What I’d love to know, and I wish the exhibition and/or publication provided some historical context for it, is why Nomura and some of his fellow Japanese American artists were so appreciated in the 1930s. What did they do in their art that made their art distinctive, unique? Why were Nomura’s paintings considered “radical” and “one of the new style oil paintings”? Why did Kenneth Callahan name Nomura “one of the leading progressive painters of Seattle”?
After the prison camp in WWII, post war life was extremely difficult. Having lost nearly every material possession, means of making a living, and even sense of safety, Nomura suffered additional personal tragedy. His wife Fumiko “became ill and depressed, and in … 1946, … took her own life.”
Post war, art was likely not a priority in Nomura’s mind. Indeed many of his fellow Japanese American artists who were imprisoned never resumed art making again. This exhibit brings to the fore not only the artistic genius of Nomura, but also the waste of human lives and human potential. Such is a result of this country’s racism and policies, which we must acknowledge and talk about openly. For example, we must tell the full story of people and groups like U.S. Congressmen Henry Jackson and Warren Magnuson, Governor Arthur Langlie, and the Seattle Chamber of Commerce. We must acknowledge the good that they did and also the inhumane, such as when they “campaigned for [the] continued [or even] permanent exclusion” of Japanese-Americans from the Seattle area and Washington State.
Nomura began painting again only after the strong urging and persistent encouragement from friends. From 1947 to the 1950s, Nomura transformed his style to semi abstract and then to fully abstract. I wonder if abstraction appealed to him partly because he was expressing a place that no longer made sense coherently, a place that was no longer recognizable as home.
Regardless of the meaning, his paintings are a visual feast. Puget Sound is a brilliant semi-abstract work that uses the shapes of pilings, beach, walls, water, kelp and ferry, to evoke a familiar scene. Nomura went from using lines for outlining masses to full calligraphic movement. And some of the working methods from the 1930s remain, such as the use of color highlights to draw the eye: the ferry and its watery reflection in Puget Sound, the stop sign in Untitled ([Com]pany), the brick work in An Old Brewery. In the fully abstract paintings, brilliant patches of color draw the viewer in: the red in International Carnival, the orange in Untitled, the yellow in Dragon Dance, the white in Rush Hour and Harbor.
When I walk into the gallery with the Puyallup and Minidoka paintings and drawings, there’s a decidedly different feeling from the earlier artwork before imprisonment. It is not clear to me whether this feeling of drabness or darkness is coming from the color palette or the limited contrast. In these camp paintings, he resumed painting people, who were mostly missing from his earlier or later paintings. And even populated by people, these places do not feel inviting. Camp Harmony is a masterpiece presented like a puzzle, seeming to illustrate the temporary, thrown together feeling of this camp. The Minidoka paintings and drawings capture the climate, sensation, and isolation of living there.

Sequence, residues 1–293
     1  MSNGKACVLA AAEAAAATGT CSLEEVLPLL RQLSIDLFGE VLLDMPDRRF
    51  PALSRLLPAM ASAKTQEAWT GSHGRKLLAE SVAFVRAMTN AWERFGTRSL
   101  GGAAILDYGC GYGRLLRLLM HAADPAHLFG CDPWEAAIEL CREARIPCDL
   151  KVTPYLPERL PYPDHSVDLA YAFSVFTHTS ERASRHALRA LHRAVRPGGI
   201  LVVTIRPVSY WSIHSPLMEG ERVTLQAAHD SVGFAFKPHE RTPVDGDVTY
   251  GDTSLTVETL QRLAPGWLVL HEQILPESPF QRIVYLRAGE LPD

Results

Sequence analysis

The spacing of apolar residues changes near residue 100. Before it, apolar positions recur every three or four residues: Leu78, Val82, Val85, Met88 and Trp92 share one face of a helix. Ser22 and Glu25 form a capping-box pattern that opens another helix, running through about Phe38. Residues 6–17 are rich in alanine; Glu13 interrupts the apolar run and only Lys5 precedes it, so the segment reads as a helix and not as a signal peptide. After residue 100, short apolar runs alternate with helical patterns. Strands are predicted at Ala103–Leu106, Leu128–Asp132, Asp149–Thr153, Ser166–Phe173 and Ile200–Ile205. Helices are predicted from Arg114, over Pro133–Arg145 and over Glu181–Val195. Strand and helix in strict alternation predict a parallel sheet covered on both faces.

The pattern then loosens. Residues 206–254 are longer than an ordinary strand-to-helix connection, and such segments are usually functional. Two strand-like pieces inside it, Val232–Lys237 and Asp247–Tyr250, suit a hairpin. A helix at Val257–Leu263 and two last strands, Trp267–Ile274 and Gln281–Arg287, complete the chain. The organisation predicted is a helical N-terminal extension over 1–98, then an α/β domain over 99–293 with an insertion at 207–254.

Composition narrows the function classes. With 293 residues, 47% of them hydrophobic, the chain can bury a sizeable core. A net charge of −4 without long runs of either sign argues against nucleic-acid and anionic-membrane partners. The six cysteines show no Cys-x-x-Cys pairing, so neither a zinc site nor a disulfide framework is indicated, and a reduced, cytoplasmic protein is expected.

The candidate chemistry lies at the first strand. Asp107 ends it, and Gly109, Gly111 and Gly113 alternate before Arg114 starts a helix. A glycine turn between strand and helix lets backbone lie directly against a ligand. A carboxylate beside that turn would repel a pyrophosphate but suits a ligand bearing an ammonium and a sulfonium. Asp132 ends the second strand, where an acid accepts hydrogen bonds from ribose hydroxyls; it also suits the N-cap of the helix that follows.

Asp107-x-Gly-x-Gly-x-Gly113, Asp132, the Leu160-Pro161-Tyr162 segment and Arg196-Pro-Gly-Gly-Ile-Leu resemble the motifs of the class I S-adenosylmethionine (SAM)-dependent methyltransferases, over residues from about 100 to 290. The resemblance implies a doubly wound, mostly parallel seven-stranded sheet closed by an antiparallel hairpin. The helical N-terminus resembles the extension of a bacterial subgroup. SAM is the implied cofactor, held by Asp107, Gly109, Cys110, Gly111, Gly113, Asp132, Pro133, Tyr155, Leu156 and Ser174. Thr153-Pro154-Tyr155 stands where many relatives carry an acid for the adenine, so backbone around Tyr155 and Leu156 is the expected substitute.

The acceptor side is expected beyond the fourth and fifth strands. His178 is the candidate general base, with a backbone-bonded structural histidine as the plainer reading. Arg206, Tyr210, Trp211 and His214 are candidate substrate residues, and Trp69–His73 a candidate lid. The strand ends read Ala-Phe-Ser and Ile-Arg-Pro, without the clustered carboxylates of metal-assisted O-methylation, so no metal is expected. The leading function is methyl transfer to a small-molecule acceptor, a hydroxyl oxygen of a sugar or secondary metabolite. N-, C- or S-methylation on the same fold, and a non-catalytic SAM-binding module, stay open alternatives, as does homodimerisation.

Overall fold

We need to remember that these materials from wartime were a source of pain for many Japanese Americans. “The wartime works with their dark memories remain stored away, carefully bundled and tied as the artist had left them.” In 1991, more than 45 years after the war, when Nomura’s son, “George brought them out of storage (1991), much had happened to change the understanding of the Japanese American Experience.”
The last gallery winds the clock back, so that we can visit Nomura’s early days, and observe some of his contemporaries and influences, and his development of technique and style.
“In 1935 the Seattle Times named Nomura as one of eight artists, and the only one of color, to have contributed significantly to the cultural life of Seattle.” “Nomura’s legacy is that of an immigrant who made his home in the United States and contributed substantially to its cultural life. It is an immigrant experience enriched by his Japanese American understanding and yet constricted by laws, language, and custom. It is an ethnic minority experience, constrained by mainstream assumptions, biases, and social norms… His paintings add meaningfully to an expanded, inclusive view of American art and experience. They are eloquent, present objects through which we interpret and reflect upon not only his time but also our own.”
The exhibition and publication are worthy artistic sojourns and history lessons. We can choose to learn from them and hold ourselves and our systems to a higher standard.
Kenjiro Nomura, American Modernist: An Issei Artist’s Journey is at the Cascadia Art Museum in Edmonts through February 20, 2022.
You can find the original article through this link.